Sulfur isotopes of organic matter preserved in 3.45-billion-year-old stromatolites reveal microbial metabolism

Tomaso R R Bontognali*, Alex L. Sessions, Abigail C. Allwood, Woodward W. Fischer, John P. Grotzinger, Roger E. Summons, John M. Eiler

*Corresponding author for this work

    Research output: Contribution to journalArticlepeer-review

    113 Citations (Scopus)


    The 3.45-billion-year-old Strelley Pool Formation of Western Australia preserves stromatolites that are considered among the oldest evidence for life on Earth. In places of exceptional preservation, these stromatolites contain laminae rich in organic carbon, interpreted as the fossil remains of ancient microbial mats. To better understand the biogeochemistry of these rocks, we performed microscale in situ sulfur isotope measurements of the preserved organic sulfur, including both Δ33S and δ 34SCDT. This approach allows us to tie physiological inference from isotope ratios directly to fossil biomass, providing a means to understand sulfur metabolism that is complimentary to, and independent from, inorganic proxies (e.g., pyrite). Δ33S values of the kerogen reveal mass-anomalous fractionations expected of the Archean sulfur cycle, whereas δ34SCDT values show large fractionations at very small spatial scales, including values below -15‰. We interpret these isotopic patterns as recording the process of sulfurization of organic matter by H2S in heterogeneous mat pore-waters influenced by respiratory S metabolism. Positive Δ33S anomalies suggest that disproportionation of elemental sulfur would have been a prominent microbial process in these communities.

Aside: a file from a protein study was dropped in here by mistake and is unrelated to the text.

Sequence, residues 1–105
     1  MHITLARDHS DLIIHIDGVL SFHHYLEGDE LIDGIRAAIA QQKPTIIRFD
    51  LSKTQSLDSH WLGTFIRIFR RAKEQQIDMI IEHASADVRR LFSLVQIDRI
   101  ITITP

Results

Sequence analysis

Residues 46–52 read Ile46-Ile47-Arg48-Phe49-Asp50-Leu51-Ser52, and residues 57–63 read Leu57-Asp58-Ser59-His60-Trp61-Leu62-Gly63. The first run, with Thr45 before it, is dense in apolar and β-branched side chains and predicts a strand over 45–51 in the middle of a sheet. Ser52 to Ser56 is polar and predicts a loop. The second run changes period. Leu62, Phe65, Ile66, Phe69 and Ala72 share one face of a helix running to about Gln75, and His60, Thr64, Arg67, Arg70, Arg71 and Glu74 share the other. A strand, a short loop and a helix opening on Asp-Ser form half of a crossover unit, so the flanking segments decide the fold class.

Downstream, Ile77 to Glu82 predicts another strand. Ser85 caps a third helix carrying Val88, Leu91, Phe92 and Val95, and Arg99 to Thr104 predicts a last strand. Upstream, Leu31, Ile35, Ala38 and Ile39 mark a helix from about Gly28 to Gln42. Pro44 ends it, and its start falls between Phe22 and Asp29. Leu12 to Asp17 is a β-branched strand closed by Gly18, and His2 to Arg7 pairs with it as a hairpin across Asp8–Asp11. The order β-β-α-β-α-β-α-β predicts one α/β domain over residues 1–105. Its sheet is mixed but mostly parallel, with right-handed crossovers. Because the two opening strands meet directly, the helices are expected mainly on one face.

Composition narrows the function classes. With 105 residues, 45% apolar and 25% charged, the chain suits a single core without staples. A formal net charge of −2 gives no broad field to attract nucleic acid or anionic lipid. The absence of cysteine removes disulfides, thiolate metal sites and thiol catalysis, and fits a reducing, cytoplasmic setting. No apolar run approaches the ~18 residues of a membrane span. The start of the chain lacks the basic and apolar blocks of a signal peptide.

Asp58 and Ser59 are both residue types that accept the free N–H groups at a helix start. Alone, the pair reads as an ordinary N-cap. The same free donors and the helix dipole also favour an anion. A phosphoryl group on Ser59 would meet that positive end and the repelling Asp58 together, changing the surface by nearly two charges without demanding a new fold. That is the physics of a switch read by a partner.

Original languageEnglish
    Pages (from-to)15146-15151
    Number of pages6
    JournalProceedings of the National Academy of Sciences of the United States of America
    Issue number38
    Publication statusPublished - 18 Sept 2012


    • Biosignature
    • Early life
    • Ion probe
    • Microbe
    • Paleontology


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